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St. Lucia is also referred to as St. Lucy or St. Lucie. She was born in a Christian family and vowed her life to Christ early on. She was martyred during the Diocletianic Persecution. Saint Lucy’s name means “light”, and her Feast Day December 13, is marked in some locales with a Sancta Lucia Procession, where a girl with a crown of candles processes followed by other girls with single candles.
Lucia was a chaste woman and determined to remain a Bride of Christ. Her mother, however, was protective and concerned about Lucy’s future. Lucy’s mother arranged a marriage for her with a young wealthy pagan man. This upset Lucy, and she tried to prolong the engagement. She prayed that God would intercede and change her mother’s mind. When her mother was healed from a serious bleeding disorder, she agreed to support Lucy’s faith and commitment to God.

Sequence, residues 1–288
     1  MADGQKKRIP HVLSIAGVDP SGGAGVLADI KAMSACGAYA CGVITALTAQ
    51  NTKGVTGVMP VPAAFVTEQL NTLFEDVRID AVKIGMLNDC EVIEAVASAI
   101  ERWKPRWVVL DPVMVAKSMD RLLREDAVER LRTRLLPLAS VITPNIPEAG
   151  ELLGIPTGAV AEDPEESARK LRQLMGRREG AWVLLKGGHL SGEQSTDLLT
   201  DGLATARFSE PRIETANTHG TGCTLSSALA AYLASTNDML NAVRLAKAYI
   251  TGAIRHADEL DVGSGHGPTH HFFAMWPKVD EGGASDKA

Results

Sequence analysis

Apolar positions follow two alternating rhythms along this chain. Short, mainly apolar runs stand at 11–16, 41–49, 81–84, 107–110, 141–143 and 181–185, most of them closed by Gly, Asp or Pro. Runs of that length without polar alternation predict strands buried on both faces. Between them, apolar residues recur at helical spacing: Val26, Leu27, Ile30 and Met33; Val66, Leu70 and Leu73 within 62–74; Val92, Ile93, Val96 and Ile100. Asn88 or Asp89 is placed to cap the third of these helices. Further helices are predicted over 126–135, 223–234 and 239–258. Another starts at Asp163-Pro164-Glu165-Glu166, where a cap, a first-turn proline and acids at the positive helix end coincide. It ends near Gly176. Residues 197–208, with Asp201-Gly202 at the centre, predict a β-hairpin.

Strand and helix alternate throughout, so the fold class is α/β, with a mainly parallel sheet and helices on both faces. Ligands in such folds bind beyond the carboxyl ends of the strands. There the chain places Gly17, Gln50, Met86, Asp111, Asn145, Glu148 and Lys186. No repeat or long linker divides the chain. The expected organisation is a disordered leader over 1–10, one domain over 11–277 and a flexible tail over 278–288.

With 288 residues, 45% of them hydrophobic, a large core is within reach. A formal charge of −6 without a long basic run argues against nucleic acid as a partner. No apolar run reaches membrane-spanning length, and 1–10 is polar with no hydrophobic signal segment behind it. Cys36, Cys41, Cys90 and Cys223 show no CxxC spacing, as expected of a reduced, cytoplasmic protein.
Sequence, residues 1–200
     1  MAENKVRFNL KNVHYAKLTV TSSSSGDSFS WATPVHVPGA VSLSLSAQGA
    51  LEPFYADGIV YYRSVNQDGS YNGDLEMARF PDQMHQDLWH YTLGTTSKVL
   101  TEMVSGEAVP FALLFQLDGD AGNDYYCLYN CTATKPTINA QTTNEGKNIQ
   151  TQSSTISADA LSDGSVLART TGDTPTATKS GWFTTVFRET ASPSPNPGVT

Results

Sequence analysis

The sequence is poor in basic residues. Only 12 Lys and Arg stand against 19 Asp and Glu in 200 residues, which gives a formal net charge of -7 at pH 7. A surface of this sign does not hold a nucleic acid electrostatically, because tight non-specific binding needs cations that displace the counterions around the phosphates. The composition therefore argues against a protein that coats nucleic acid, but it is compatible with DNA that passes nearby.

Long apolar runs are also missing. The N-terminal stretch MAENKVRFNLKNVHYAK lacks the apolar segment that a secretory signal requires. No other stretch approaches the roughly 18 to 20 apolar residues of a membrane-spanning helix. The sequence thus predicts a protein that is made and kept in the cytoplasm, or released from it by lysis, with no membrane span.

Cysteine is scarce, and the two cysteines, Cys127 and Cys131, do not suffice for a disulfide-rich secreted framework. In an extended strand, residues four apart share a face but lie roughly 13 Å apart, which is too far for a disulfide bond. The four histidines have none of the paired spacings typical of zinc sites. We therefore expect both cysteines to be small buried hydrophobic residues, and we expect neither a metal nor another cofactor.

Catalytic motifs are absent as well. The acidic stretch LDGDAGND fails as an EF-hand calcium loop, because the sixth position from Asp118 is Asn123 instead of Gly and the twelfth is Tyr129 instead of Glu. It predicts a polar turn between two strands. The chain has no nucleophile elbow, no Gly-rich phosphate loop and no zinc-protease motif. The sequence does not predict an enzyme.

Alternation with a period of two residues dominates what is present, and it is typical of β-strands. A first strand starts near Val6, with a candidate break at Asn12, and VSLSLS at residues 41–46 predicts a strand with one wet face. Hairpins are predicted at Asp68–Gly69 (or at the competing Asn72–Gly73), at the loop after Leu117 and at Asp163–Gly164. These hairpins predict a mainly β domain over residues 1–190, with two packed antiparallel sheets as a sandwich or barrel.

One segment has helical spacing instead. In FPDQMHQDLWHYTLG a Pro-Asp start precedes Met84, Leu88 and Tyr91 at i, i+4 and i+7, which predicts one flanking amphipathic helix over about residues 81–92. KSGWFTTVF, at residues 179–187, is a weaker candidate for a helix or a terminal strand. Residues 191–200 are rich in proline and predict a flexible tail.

When her to-be bridegroom discovered her Christian faith, she was reported to the governor of Sicily. She then underwent persecution and even had her eyes gouged out. She was ultimately stabbed and executed. In images she is often shown with her eyes held on a plate and a lily in her hands. Today, St. Lucia serves as a patron for those suffering from serious bleeding disorders and other illnesses. She is also a patron of saints for lawyers, writers, seamstresses, poor people and more.